Hello My Friends!
The new year is whizzing by and it is almost March! Here in south Florida, it is high season- which means that it is the height of the social season and the tourist season. Lots of visitors, seasonal residents looking for things to do and more events than anyone could possibly attend. It is also the height of our local growing season. Season goes by so very quickly.
I was away for two weeks in January. I made the trip to Iowa to visit family and to take in some winter. I know that last part sounds strange, but I miss the change of seasons after living in a climate that is so monotone. It was wonderful. I arrived when there was no snow- only barren, brown landscape and remnants of holiday lights. It had the appearance of late autumn. Then, everything changed overnight. The snow came in beautiful blankets that softened and brightened everything. In the subdued, angled sunlight of the day, the snow glistened with the beauty of uncountable diamonds under the cobalt-blue sky. I could have sat and looked at them for hours. Winter had arrived!
With the snow and clear skies, I could not be held indoors in spite of temperatures near zero (degrees F). I put on my warmest winter clothing and headed out to the Mines of Spain, a state park on the south side of my hometown. The roads were passable, so long as you didn’t do anything rash. I parked at the vaguely outlined lot at the trailhead and headed down the prairie trail that I always hike during the warmer seasons. This was the first time I was here in the full beauty of winter. I was struck by several things. First, as I drove here, there was snow blowing and drifting across the corn and soybean fields, which eventually crossed highways and made travel unsafe. Here, in the restored prairie, the snow was held tight to the land. There was no snow blowing across the roadway nor were there dangerous drifts along the highway. The dormant prairie grasses and plants held the snow in place, and would later absorb the moisture as it melted. Are some of our winter travel problems caused by the loss of our native prairie?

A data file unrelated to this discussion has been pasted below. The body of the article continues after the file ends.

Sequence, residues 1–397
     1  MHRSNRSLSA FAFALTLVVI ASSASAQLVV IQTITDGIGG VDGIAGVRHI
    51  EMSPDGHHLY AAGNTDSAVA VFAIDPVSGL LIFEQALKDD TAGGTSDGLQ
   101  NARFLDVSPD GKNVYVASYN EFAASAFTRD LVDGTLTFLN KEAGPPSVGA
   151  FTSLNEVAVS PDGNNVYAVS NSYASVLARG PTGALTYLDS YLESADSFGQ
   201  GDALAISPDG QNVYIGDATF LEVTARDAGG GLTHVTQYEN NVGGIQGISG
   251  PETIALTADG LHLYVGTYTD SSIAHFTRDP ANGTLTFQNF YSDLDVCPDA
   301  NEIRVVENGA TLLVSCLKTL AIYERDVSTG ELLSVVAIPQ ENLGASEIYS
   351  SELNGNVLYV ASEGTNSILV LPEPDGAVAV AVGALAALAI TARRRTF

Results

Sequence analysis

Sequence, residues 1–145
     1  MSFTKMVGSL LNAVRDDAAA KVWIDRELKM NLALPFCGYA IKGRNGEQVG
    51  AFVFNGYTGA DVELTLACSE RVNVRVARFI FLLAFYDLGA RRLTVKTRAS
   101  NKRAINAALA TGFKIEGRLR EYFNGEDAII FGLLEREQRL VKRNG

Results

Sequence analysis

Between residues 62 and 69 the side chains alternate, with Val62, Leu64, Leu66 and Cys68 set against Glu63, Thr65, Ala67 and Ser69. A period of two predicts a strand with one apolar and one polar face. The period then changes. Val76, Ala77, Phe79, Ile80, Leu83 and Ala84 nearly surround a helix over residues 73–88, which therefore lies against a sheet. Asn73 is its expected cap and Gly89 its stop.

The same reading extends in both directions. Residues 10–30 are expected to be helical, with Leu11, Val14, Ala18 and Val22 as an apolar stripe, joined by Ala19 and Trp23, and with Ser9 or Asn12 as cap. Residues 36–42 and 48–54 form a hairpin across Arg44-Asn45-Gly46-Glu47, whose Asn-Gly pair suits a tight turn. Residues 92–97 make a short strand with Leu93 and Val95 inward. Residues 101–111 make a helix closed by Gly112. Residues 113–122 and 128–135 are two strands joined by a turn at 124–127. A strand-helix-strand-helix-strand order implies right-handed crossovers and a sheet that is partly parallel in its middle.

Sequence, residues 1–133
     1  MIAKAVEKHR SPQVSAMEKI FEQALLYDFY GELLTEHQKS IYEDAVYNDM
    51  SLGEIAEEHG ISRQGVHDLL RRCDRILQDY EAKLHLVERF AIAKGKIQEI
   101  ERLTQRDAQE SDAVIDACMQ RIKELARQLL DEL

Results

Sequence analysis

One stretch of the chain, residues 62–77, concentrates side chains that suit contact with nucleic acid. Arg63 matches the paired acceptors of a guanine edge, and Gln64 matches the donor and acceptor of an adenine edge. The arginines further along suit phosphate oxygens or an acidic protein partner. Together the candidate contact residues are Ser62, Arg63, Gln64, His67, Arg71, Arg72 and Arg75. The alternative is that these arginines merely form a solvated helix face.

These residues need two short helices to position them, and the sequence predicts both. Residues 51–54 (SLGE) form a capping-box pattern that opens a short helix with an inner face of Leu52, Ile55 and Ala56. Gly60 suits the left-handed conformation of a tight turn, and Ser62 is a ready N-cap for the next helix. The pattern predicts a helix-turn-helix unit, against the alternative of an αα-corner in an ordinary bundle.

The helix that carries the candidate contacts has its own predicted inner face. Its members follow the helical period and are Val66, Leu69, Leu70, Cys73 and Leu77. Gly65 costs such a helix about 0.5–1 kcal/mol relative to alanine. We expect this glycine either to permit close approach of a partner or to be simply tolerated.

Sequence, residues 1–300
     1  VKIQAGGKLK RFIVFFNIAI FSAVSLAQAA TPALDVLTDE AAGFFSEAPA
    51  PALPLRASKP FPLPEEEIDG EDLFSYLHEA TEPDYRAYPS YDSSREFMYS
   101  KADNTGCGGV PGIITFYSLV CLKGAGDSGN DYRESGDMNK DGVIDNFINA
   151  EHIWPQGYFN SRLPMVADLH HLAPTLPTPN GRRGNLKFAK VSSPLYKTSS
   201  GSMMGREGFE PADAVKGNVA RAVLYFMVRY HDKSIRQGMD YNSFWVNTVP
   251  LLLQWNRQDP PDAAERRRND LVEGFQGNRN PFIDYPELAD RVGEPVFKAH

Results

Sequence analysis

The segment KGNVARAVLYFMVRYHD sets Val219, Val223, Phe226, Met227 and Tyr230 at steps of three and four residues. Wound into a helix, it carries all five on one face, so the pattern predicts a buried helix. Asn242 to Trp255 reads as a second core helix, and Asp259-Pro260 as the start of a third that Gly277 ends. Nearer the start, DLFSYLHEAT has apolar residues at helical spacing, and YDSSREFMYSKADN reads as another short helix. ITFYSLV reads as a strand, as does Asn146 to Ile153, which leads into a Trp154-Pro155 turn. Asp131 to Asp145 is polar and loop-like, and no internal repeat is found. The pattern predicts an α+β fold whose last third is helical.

The snow-covered restored prairie was incredibly beautiful. In the dead of winter, it was anything but lifeless. Although I was coming to the prairie only hours after the snow fell and the sky cleared, there were signs of life all around. Animal tracks trailed through the snow in surprising numbers. Birds swooped and perched in the trees and brush, dislodging clumps of snow as they moved about. The trail dropped down the hillside and into the sheltering forest, which was nothing less than magical in its stillness and serenity. It was although I had stepped into the great space of a grand cathedral. As I approached the bottom of the hill, great boulders of ancient limestone lie about, having long ago cleaved from the river bluffs above and tumbled towards the great Mississippi River below. I remember climbing up to these boulders once during a springtime visit several years ago to look at the hundreds of wildflowers they hosted.
When I reached the bottomlands, a silent creek lie frozen and covered with snow. There were more tracks here too, but some of them were the tracks of snowshoes from a solitary person! So, I was not the only one who was unable to resist the call of the woods and prairie in their full winter glory! I would never know who the snowshoer was, but I did know that he and I shared a kinship, a love of the land and the seasons. Out here, in the wild and untamed land, I had just missed a friend who I had never met.